Still though, I love the housing styles. Even more, they are even more gorgeous in the interior.
The issue wasn't the fire spreading floor to floor but rather building to building. What would happen is if one home caught fire, half a block would be lost.
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Old 12-29-2011, 08:38 AM
 
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I had read that the reason the three deckers had short ends of the house facing the road was that it was less expensive to connect to public service lines. Does anyone know of that or of three decker homes of Brighton,MA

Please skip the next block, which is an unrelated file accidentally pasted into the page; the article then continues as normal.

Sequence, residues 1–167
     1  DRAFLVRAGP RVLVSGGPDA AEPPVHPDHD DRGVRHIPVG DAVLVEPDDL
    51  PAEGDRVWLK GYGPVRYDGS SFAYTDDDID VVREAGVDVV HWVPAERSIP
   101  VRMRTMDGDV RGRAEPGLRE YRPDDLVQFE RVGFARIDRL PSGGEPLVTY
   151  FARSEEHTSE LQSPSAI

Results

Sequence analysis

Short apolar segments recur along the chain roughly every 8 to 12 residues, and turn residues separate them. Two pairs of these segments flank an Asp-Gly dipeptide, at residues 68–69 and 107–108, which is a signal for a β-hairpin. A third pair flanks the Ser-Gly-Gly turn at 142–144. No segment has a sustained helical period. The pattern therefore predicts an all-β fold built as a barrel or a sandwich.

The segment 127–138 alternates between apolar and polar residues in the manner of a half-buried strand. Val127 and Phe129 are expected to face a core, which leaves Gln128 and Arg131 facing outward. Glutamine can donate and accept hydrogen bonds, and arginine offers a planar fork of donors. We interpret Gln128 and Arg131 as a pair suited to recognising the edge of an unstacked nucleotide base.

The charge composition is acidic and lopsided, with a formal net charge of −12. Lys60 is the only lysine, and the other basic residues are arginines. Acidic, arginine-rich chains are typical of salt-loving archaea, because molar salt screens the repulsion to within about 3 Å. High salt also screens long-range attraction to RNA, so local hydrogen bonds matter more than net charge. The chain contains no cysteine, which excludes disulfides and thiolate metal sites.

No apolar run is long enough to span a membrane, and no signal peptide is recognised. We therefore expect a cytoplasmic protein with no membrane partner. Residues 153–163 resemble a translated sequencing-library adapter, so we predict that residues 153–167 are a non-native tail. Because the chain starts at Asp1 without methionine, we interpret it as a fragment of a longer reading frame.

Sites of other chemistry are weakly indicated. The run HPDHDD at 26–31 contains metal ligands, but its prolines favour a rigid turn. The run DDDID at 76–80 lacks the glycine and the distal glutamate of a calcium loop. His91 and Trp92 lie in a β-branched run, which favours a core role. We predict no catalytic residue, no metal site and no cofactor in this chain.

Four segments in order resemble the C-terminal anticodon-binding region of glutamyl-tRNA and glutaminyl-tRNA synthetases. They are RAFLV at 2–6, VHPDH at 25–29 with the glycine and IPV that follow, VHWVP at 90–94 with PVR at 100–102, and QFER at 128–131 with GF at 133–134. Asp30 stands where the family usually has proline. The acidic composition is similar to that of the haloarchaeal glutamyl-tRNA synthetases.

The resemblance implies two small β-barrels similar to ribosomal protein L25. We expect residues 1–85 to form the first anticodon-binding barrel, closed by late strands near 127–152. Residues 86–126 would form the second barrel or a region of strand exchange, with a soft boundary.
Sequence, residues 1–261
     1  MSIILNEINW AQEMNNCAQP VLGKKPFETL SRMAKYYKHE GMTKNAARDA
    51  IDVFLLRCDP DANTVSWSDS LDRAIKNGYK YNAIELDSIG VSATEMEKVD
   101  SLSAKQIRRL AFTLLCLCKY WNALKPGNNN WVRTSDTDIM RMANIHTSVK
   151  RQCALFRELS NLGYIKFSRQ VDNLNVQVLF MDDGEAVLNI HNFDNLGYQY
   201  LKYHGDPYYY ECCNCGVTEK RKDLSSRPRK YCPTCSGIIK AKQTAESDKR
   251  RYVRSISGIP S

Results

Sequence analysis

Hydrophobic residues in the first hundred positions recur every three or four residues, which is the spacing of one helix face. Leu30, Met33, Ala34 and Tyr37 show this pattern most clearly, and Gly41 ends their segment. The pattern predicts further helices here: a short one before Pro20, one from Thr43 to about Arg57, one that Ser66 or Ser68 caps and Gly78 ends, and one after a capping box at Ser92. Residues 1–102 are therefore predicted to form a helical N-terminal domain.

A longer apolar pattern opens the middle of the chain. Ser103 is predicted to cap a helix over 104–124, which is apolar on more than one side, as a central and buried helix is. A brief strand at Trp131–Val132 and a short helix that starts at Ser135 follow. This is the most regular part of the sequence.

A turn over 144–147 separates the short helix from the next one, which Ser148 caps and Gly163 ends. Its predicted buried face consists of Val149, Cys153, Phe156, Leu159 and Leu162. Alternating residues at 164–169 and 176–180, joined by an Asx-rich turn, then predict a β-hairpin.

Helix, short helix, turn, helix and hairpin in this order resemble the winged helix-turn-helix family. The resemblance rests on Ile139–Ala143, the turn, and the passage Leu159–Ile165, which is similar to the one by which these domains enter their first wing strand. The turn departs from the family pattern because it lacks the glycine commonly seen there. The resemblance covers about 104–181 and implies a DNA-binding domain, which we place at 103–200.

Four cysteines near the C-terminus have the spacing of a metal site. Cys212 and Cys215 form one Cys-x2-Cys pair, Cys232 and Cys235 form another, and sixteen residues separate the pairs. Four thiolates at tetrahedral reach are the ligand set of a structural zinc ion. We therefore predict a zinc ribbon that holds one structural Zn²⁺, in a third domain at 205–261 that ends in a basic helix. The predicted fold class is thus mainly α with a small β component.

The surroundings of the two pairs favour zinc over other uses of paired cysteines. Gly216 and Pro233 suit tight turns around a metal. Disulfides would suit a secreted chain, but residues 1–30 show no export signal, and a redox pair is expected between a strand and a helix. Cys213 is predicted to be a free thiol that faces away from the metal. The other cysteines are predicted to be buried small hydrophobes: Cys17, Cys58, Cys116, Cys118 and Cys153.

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Old 12-29-2011, 11:45 AM
Status: " Charleston South Carolina" (set 7 days ago)
 
Location: home...finally, home .
8,814 posts, read 21,280,851 times
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How about in Medford?
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Old 12-29-2011, 12:28 PM
 
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Some triple decker was built way over 60 years. That just to show how strong they are.